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Award for UCD Professor who created open source software used in labs around the world

Pictured: Professor Higgins, who has won the 2018 Benjamin Franklin Award

Posted March 23, 2018

The (opens in a new window)Benjamin Franklin Award for Open Access in the Life Sciences has been awarded to UCD Professor of Bioinformatics, Des Higgins.

The award is presented by bioinformatics.org, an online community of more than 40,000 bioinformatics experts.

Professor Higgins was honoured for the impact of (opens in a new window)Clustal, a series of open source computer programmes used to align biological sequences like DNA. Clustal is now an industry-standard in laboratories around the world.

Previous winners of the Benjamin Franklin Award include Rafael Irizarry, Harvard University; Benjamin Langmead, John Hopkins University and Helen M. Berman, Rutgers University.

"My work is on algorithms and software for the alignment of DNA and protein sequences, especially for the Clustal series of programs which were initially written by me in 1988 and that are now maintained and developed by my lab in UCD," Professor Higgins said of his work.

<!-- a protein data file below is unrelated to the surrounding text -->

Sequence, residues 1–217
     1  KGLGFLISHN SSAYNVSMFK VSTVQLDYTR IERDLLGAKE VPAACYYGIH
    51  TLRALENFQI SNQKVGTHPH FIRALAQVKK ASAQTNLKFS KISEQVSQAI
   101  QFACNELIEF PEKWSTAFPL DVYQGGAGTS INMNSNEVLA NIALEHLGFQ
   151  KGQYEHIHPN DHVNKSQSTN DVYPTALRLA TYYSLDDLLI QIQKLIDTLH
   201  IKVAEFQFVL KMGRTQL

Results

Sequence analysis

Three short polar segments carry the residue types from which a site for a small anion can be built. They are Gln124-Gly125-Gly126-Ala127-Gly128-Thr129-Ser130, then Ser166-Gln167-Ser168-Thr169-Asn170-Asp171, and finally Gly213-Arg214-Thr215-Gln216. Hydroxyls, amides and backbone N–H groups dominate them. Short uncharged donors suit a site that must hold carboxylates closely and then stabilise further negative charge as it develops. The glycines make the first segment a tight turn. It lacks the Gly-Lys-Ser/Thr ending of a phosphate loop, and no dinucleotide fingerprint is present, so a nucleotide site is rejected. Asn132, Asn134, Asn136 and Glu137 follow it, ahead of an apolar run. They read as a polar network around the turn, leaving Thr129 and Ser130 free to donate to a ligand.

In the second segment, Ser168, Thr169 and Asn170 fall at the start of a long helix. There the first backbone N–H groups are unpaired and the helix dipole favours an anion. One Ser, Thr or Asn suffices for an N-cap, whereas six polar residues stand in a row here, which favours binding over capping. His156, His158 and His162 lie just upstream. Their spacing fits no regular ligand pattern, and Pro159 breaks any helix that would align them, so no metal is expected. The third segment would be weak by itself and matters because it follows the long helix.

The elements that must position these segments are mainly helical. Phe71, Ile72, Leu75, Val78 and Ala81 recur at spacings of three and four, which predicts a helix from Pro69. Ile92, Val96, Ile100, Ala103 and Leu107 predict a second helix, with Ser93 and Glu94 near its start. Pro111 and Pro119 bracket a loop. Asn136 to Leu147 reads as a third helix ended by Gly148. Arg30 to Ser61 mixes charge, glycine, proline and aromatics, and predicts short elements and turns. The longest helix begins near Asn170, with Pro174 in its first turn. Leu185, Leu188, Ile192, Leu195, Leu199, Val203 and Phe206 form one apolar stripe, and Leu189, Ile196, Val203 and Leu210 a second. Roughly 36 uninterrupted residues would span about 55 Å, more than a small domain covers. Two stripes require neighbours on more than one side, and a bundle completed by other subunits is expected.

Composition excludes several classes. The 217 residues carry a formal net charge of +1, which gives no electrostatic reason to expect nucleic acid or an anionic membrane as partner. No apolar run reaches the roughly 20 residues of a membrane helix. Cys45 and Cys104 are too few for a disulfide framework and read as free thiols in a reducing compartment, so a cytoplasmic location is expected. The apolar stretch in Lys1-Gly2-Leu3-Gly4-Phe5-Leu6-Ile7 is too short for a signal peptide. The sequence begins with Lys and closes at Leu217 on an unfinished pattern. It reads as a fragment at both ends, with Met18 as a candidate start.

"These are used by researchers all over the world to help make sense of genome sequences and are among the most widely-used packages in use in molecular biology laboratories."

In 2014, Nature included Professor Higgins in the (opens in a new window)top 10 most-cited bioinformatics researchers of all time. The following year he was a recipient of the Motoo Kimura Award for his advancements in evolutionary biology.

His current research group at the UCD Conway Institute develops new, open source tools for evolutionary biology and the multivariate analysis of omics data.

Professor Higgins will give his laureate presentation to the Bio-IT World Conference and Expo on May 17, 2018.

By: Jonny Baxter, digital journalist, UCD University Relations